I'm in a Hurry, I Don't Want to Know! Time Pressure Favours Self-Serving Behaviour Under Moral Ambiguity

Thursday, 19 July 2018: 08:45
Oral Presentation
Johannes JARKE, University of Hamburg, Germany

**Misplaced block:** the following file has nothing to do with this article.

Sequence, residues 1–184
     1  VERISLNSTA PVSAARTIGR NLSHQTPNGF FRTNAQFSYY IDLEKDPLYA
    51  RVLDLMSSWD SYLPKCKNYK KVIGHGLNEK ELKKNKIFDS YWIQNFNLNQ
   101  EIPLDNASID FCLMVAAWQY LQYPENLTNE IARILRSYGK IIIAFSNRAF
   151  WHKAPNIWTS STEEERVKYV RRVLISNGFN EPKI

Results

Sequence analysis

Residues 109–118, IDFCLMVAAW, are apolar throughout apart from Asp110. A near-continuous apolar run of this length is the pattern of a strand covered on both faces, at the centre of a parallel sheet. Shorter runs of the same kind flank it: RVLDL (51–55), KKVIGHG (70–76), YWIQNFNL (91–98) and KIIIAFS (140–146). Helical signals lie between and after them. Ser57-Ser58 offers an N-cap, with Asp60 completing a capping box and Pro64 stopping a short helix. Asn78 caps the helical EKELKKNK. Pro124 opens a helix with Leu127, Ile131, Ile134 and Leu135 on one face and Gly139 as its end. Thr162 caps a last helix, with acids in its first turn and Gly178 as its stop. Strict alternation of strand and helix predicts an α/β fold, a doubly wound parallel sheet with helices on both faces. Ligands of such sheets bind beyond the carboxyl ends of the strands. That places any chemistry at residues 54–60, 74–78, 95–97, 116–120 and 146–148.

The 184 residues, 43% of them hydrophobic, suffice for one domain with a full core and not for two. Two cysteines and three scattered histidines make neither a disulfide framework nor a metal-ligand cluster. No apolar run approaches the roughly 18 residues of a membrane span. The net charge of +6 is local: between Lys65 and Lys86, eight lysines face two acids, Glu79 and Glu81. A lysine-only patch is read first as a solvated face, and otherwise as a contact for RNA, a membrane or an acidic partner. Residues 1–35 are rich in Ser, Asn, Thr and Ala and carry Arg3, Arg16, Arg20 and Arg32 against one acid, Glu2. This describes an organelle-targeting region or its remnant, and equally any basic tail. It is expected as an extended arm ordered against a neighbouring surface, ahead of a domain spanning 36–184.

Social behaviour is shaped by a constant battle waged in the evolved human brain between pro-sociality and self-interest. Which of the two sides prevails is contingent on the make-up of the decision situation: even minimal changes to its structure can sway individuals towards self-serving conduct. Science is just beginning to understand how such situational factors and cognitive processes interact to shape social outcomes. Here, we report on the results of a controlled behavioural experiment that was designed to investigate the causal effect of time pressure on the incidence of self-serving conduct, conditional on limitations of transparency that allows individuals to exploit moral ambiguity. Both situational features are ubiquitous in present-day human interactions, such as team-work, market exchange, or negotiations. We find that time pressure has no effect if decision-makers are fully informed about the consequences of their choices, but significantly increases the incidence of self-serving behaviour if avoiding information about the social impact is feasible. These results have major implications for the formation, organization, and management of human collaboration, and contribute to the understanding of the cognitive processes that shape pro-social behaviour.